Julian Assange may be an odious character in the eyes of some. He may not be a journalist in the estimation of others. He may be regarded as a serial pest by his detractors, but his case in the British courts has become a cause celebre for free speech and civil liberties advocates.
In a London magisrate’s court on Friday, early shots will be fired in the Assange defence team’s efforts to block his extradition to the United States on 17 charges under the Espionage Act with a separate indictment under the Computer Fraud and Abuse Act.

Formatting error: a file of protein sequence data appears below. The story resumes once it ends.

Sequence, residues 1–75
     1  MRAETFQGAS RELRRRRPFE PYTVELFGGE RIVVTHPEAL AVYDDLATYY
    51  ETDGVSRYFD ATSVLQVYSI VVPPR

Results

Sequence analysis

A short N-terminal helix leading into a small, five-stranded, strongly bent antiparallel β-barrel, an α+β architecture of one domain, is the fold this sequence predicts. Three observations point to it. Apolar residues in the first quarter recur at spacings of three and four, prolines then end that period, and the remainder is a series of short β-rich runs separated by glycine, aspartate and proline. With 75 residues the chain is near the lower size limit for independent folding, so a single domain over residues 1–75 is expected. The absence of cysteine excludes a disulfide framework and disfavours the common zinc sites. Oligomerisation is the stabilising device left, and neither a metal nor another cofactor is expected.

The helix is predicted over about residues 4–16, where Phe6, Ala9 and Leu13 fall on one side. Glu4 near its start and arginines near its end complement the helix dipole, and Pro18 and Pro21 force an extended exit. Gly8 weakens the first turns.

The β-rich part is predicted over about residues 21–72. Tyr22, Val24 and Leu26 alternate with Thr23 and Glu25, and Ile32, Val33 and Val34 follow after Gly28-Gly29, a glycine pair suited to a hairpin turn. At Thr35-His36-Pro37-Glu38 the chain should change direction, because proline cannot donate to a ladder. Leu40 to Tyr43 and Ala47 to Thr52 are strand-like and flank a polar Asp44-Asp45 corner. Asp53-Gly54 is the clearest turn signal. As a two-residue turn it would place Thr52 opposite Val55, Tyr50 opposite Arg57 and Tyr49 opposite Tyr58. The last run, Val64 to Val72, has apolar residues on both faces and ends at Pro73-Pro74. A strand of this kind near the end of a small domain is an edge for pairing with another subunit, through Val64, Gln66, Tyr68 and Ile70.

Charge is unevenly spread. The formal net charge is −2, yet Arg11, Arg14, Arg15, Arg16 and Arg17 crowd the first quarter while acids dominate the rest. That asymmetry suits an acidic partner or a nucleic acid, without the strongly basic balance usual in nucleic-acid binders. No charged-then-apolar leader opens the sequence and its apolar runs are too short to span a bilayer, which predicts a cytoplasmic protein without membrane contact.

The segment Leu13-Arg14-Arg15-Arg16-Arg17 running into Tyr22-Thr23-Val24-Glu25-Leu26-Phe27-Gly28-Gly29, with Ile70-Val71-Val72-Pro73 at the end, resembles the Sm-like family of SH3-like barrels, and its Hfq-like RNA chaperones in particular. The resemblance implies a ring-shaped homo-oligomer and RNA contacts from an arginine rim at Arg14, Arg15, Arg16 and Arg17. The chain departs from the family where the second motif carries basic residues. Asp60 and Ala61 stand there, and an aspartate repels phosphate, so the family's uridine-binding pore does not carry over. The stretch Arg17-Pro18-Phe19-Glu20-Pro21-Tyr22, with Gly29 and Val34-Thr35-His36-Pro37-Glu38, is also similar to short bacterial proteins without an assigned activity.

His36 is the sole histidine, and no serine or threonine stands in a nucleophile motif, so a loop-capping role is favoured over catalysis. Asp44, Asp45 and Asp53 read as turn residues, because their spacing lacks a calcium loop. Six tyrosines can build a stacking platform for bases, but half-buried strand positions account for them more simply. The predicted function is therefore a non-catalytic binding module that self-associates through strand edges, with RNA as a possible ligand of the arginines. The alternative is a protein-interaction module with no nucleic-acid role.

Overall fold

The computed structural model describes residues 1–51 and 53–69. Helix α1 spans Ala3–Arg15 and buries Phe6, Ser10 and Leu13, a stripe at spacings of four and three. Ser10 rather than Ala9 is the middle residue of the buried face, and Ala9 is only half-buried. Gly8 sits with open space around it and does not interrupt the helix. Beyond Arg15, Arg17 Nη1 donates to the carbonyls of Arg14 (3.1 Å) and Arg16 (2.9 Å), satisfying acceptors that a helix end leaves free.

Assange is facing a jail sentence of 175 years on alleged breaches of the Espionage Act, and further penalty under the Computer Fraud and Abuse Act.
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